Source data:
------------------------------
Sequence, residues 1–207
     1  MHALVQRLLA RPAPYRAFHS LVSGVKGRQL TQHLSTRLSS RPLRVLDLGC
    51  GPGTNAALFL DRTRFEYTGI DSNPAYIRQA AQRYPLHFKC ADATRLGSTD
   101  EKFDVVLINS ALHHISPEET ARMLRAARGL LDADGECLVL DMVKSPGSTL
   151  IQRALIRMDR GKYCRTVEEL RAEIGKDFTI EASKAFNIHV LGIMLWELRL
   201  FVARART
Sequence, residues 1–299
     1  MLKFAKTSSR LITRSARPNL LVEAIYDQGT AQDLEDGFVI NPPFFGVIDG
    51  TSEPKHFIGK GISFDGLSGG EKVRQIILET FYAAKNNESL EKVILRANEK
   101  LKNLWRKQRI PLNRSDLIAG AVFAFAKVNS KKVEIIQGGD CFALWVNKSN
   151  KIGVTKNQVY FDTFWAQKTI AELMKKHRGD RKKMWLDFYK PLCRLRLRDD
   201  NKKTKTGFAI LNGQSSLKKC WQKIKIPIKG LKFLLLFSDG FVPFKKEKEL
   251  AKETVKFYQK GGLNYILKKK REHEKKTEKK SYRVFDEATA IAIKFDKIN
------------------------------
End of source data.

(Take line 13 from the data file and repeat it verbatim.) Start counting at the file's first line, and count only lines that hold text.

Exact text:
   251  AKETVKFYQK GGLNYILKKK REHEKKTEKK SYRVFDEATA IAIKFDKIN